Making Mandalas

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I've been somewhat obsessively drawing mandalas lately. Thinking of myself as someone who doesn't draw, it surprises me to suddenly have a growing stash of fancy sketch books and pens. I take them along with me everywhere I go, and in any free moment, with Rick or a cappuccino or a glass of wine for company, I pull out my book and pen and start drawing in circles.

I have dozens of them already, and told myself at first to wait to see what they want to do until I have at least thirty of them. As I passed that number, and just kept going, the idea came to me to offer them as coloring pages, so that's what I'm about to do.
Have you noticed that coloring books for grown-ups are hot these days? I have no interest in a project like putting together a book. I'm more into draw, share, draw, share. That's enough. Besides, I'm kind of late to the adult coloring book party. There's a growing number of them out there, and what I like about that is that it confirms …

Ditching The Dye

I've been coloring my hair for years. Everyone does, right? It's what we've been taught we're supposed to do as soon as the first rogue grays become too many to pluck without creating a bald patch. My mother bleached her dark brown hair from the time I was a little girl. Her mother was my "crazy red-haired granny" until she died in her 80's. And my father's mother, who had unfortunate, wispy locks and lost a lot of hair as she aged, opted for a terrible brown wig that didn't suit her at all. Hair color seemed natural to me. Just something we do when we grow up.

I actually started dabbling in recreational color as a teenager. I went glowingly henna-red off and on, but I think henna is kind of a gateway hair color, that often leads to the harder stuff. The mess of plastering smelly green mud on one's head can become more trouble than it's worth. It did for me, and I eventually graduated to semi-permanent color from a box, to "brighten&q…

Why I Love (And Hate) My Fitbit

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I got a Fitbit in January. Not because it was January and I was making all kinds of crazy resolutions, but because my kids were telling me how much they liked theirs. (What is a Fitbit? Basically it's a fancy, high-tech pedometer. Google it. I had to.) At first I thought, nah, I'm fine thanks. I walk all over Portland and I'm sure what I do is more than enough. Then I remembered that I've been gaining a bit of weight over the last few months, and well, maybe a little extra incentive to move my bones would be a good thing.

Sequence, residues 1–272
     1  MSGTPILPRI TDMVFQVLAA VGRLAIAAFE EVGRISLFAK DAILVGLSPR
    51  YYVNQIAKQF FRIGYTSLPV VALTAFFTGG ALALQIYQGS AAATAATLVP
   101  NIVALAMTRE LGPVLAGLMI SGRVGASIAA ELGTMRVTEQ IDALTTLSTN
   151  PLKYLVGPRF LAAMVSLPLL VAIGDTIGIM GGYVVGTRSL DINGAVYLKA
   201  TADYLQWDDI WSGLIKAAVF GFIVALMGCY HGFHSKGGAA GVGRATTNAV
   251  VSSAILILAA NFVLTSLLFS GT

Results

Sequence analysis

What convinced me to take the plunge was the social aspect of Fitbit. Friends can tag friends in chummy challenges, either to simply make your own personal step goal, or to compete for top stepper. I don't like gritty competition, but I do find that I'm more likely to make my own personal goal if someone else is paying attention. That part is working for me.

I've had my Fitbit for just over 2 weeks, and it really is getting me to move mor…

Softening

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I was talking to my daughter, Lauren, the other day about clothes, and mentioned that I hate (and almost never wear) pants. What I really meant was I see no reason to wear clothes that hurt me. I didn't even remember at the time that when she was little, Miss Lauren absolutely refused to wear pants of any kind, no matter what the weather. She was all about dresses, soft, comfy dresses that moved with her, felt cool in the summer, and worked just fine with the addition of tights in the winter. That's exactly how I dress now, while the jeans lie folded in the closet.

It's about making my world softer, and I'm noticing that I'm doing it more and more, in other areas of my life too. Our home is filled with comfortable, soft furniture, tossed with pillows and draped with cuddly blankets. Cloth napkins often replace paper ones. A simple bowl of good food, held in my hand, is my favorite way to eat. A cup of tea is a near-constant companion. And classical music drifts fro…

Tribute to a Terrible Dog

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Our dear old Lucy has died at the age of almost 13. Some of you have read and consoled and advised over the years as I bemoaned the difficulties of sharing life with a dog who loved us always, but was for the most part, socially unacceptable. Lucy was, by most standards, a terrible dog.

She didn't like most people. Especially little kids. And men. And most women. She liked us, Rick and me, and our big kids, and a few select insiders who somehow managed to connect with her in a way the rest who tried, and many did, could never find the key to. She was exasperating or affectionate, snarky or snuggly, wild or companionable, depending on her mood and who she was with. 
My relationship with Lucy was one of the most challenging of my life. But I learned a lot from her. Some would say you never know what you're getting with a shelter dog, but there are no guarantees no matter where our pets find us. I know of plenty of pure bred dogs who have been even more difficult that Lucy was. I …